Violette Szabo was a secret agent for the Allies in World War II. She participated in two major missions for the British Special Operations Executive (SOE, the approximate counterpart to the American’s OSS) and served with such distinction that Odette Churchill, another female British secret agent (no relations to Winston Churchill), said of her that “She was the bravest of us all”.
Violette Szabo was born in 1921 as Violette Bushwell in Paris. Her family, her father being British, moved the family to London where Violette went to school until age 14.
The celebration of Bastille Day in London in 1940 should change her life. This is where she met Etienne Szabo, a French officer of Hungarian descent. Violette married him after only 42 days in August of 1940. A year later and only shortly after the birth of their daughter Tania, in October 1941, Etienne died fighting in El Alamein against the German Africa Corps. This tragedy convinced Violette to sign with the Auxiliary Territorial Service, an agency related to the SOE. The SOE picked her out – among other factors – for her excellent knowledge of French and trained her not only in night- and day-time evasion tactics, parachuting, hand-to-hand-combat but also sabotage techniques and demolitions.
In April 1944 she started her first mission parachuting into France near Cherboourg. She took charge of a group of French resistance fighters that had been seriously weakened by the German police and army in France. Not only did Violette Szabo manage to rebuilt the group and become its temporary leader, she her group also gathered vital intelligence for the preparation of D-Day and managed to sabotage several railway lines and bridges. She completed the mission successfully and returned home after six weeks.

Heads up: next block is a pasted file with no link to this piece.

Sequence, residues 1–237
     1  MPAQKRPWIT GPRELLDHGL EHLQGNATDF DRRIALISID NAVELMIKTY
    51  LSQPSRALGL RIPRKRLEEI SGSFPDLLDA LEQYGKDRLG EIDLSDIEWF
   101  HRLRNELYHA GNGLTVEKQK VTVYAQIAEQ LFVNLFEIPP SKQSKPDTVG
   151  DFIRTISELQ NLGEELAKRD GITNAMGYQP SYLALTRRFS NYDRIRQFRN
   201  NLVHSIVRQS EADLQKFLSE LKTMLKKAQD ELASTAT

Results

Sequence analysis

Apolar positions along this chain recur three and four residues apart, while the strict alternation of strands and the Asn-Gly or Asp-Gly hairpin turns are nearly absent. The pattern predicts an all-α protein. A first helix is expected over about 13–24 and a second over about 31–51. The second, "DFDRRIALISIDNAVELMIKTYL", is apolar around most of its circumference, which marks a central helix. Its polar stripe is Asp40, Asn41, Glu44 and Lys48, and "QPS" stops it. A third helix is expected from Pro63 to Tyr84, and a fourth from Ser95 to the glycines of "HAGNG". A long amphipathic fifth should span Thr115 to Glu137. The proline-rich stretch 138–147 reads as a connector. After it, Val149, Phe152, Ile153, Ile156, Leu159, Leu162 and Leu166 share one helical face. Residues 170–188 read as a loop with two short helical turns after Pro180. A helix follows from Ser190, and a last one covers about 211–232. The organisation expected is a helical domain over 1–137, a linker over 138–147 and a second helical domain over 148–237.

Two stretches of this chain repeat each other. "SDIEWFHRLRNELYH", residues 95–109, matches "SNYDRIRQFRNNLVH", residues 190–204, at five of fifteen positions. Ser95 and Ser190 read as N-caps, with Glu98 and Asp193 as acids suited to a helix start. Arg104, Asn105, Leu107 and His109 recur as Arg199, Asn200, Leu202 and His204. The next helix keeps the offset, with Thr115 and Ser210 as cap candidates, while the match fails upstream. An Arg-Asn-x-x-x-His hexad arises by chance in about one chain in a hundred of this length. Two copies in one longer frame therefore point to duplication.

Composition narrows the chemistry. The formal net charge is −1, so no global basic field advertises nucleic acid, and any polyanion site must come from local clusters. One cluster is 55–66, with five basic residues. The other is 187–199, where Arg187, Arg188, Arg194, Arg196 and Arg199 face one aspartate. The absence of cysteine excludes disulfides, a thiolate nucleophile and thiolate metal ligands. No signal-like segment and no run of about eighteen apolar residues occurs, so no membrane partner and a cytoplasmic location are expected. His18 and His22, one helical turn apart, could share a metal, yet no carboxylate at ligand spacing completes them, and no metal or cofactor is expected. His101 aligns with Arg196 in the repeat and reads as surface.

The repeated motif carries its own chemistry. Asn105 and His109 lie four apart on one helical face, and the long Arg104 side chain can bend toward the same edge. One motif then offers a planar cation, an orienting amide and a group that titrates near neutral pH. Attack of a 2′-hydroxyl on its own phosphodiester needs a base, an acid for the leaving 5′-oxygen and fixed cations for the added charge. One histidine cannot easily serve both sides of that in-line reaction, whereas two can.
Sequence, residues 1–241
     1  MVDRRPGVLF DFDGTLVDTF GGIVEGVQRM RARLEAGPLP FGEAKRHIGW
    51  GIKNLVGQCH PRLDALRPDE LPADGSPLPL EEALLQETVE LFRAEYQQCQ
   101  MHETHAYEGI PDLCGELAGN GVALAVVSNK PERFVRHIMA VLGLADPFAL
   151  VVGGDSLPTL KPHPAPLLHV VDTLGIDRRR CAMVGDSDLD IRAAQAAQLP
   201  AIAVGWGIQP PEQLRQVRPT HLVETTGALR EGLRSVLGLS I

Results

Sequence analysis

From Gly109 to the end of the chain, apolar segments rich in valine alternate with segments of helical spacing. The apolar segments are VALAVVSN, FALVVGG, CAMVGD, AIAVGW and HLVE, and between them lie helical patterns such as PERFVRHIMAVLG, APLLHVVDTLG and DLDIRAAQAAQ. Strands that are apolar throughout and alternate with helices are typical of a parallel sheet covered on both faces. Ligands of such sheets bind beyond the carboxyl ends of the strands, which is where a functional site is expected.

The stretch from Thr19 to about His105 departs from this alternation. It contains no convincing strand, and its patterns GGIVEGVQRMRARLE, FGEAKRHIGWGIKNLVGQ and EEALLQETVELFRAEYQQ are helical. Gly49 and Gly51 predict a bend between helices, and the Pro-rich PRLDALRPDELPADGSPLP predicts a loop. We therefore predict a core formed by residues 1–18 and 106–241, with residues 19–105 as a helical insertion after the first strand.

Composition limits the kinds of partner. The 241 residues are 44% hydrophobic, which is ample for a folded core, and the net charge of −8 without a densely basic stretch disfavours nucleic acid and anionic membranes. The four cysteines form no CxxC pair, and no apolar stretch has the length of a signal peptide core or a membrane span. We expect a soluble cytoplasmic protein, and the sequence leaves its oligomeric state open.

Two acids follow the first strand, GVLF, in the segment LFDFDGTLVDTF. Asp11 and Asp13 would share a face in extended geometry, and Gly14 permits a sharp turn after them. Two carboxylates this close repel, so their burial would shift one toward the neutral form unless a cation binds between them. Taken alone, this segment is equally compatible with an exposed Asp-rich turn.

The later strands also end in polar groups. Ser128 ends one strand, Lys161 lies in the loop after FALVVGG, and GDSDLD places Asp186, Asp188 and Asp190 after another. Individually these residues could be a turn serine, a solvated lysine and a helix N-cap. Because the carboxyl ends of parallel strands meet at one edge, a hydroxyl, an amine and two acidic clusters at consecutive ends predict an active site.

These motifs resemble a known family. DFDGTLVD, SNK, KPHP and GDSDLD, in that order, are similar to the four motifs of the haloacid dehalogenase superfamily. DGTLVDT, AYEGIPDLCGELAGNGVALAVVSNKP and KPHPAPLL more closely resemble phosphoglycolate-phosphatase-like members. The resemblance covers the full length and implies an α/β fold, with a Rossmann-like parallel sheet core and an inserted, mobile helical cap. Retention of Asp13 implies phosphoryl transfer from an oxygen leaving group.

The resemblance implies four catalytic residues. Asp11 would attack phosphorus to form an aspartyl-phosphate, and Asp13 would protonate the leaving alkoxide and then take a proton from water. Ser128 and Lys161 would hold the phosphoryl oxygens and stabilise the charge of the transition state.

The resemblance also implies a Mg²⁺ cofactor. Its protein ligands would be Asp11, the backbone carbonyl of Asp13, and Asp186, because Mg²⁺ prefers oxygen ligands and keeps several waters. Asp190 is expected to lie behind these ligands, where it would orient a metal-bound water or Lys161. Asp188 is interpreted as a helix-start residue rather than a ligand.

Her second mission took place right after D-Day on June 7 1944. Again she parachuted into France this time near Limoges and took charge of the local French resistance group. She and her group contributed to the Allied fight against Nazi Germany vitally by successfully sabotaging communication lines of the Germans so that they couldn’t communicate that the Allies had landed in Normandy. On June 10 she and some other membes traveled by car and raised the suspicion of German soldiers nearby. A gunfight ensued and Violette Szabo in an act of heroism decided to save the group by staying behind and fighting the Germans. She engaged them in a gunfight lasting over an hour and while German records indicate no injuries witnesses state that she succeeded in taking out several German officers. Ultimately Szabo was captured because she ran out of ammunition.
The German soldiers that captured her transferred her first to the local German SD office from she was transferred to the Paris’ Gestapo headquarter. The Gestapo tortured and interrogated her for four days. Afterwards she was sent to the Ravensbrück Concentration Camp (the camp especially for women) where she and other female SOE agents allegedly joined the camp-internal resistance movement. Around February 5, 1945 she and four other SOE members were executed at Ravensbrück and their bodies subsequently were burned in the camp’s crematoria.
The names of her murderers and torturers remain unknown until this day, Violette Szabo however is still remembered for her bravery and contribution to the war effort. In 1946 she was posthumously – as the second woman ever – awarded the King George’s Cross. Today there is not only a plague and a museum in Szabo’s honor and memory but also several books about her – one written by her daughter – as well as a movie called “Carve Her Name with Pride”. She also made her way into today’s popular culture by being the role model for female agent Violette Summer in the 2009 video game “Velvet Assasin”.